Solar equipment manufacturers based in the United States want the government to impose taxes on more than $1 billion Chinese imports. They joined the clamor from the wind power industry to seek compensation for the unfair state aid given to foreign companies.
Chinese companies utilize cash grants, discounts on raw materials, loans, tax incentives, and currency manipulation to improve exports of solar power cells. According to Gordon Brinser, president of SolarWorld Industries America, illegal subsidies given to China is like steroids to an athlete. China managed to control the US solar market, manufacturing of solar panels as well as jobs.
US companies accused China of dumping solar panels in the country. This led to the drop in prices of solar cells and solar panels. The lawmakers and union leaders demand from the Obama administration to pursue the unfair trade complaints against China.
The United States is improving its efforts to make China comply with World Trade Organization rules. US Trade Representative Ron Kirk said that he sent the WTO a list of programs that China failed to disclose, which is required by the rules of the organization.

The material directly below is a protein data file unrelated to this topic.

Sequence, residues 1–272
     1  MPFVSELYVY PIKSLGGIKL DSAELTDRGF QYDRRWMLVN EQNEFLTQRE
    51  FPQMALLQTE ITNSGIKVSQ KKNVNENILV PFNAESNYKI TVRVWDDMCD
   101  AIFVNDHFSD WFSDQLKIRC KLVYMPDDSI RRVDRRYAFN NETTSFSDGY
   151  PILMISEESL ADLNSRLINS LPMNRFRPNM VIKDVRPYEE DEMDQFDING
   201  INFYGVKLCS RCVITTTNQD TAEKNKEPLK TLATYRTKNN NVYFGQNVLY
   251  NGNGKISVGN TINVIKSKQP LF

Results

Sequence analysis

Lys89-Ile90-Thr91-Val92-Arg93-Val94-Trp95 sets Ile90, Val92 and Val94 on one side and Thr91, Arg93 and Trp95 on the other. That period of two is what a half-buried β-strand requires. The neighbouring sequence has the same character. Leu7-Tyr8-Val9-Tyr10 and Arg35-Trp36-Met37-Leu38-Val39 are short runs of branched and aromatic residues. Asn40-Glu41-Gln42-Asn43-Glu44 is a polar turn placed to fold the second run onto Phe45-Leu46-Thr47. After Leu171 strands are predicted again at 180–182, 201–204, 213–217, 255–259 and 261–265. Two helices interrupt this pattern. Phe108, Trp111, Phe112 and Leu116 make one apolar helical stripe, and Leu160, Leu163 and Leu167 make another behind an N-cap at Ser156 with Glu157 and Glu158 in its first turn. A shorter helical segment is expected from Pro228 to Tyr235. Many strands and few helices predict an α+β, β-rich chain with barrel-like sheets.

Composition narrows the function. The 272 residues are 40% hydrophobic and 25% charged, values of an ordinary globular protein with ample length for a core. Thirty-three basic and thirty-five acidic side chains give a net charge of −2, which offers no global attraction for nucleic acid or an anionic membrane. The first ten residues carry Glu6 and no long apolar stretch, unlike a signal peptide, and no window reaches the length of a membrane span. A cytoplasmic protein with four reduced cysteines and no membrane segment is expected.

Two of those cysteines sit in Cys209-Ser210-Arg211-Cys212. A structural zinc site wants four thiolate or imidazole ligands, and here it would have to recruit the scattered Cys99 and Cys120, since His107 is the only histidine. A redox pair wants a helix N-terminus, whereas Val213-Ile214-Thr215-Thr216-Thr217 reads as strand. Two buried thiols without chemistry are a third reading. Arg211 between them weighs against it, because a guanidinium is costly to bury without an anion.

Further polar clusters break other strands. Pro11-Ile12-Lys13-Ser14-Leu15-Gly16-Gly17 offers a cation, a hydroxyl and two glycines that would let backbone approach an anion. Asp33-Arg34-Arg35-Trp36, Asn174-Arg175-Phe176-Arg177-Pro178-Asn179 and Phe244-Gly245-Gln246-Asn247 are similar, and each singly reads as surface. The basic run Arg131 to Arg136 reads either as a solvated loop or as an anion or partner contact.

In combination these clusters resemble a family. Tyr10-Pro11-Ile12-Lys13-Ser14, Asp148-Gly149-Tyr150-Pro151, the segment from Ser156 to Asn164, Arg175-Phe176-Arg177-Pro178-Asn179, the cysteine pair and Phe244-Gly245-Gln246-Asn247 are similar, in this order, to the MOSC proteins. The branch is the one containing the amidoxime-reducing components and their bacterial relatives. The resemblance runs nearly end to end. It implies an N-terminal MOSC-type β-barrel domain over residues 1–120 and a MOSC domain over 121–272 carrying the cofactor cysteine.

The US Senate passed a measure last October 11 that seeks to punish China for keeping its currency undervalued. Chinese officials said that the bill could damage the trade relations and hinder global economic recovery.
China’s Suntech, which is the world’s largest solar panel maker, said that the trade complaints could undermine the efforts made by the producers to challenge the conventional forms of electricity production.
Three major solar companies from the United States have failed since August. This include Solyndra, which received a $535 million loan guarantee but still folded due to the inability to stay afloat as prices dropped.
Prices of solar panels decreased by 40 percent in 2011 as manufacturers from China increased their production capacity. The top ten silicon panel makers have doubled their capacity last year. Soalr equipment companies are starting to lose money as the average operating margin dropped to -5.9 percent in the second quarter compared to the +12 percent a year before.
Within the first seven months of the year, China shipped $1.4 billion worth of solar panels to the United States. This is over the $1.2 billion for the whole of 2010. Imports from the Philippines, South Korea, and India also increased. Solyndra said that imports of Chinese crystalline solar cells and panels increased more than 300 percent from 2008 to 2010.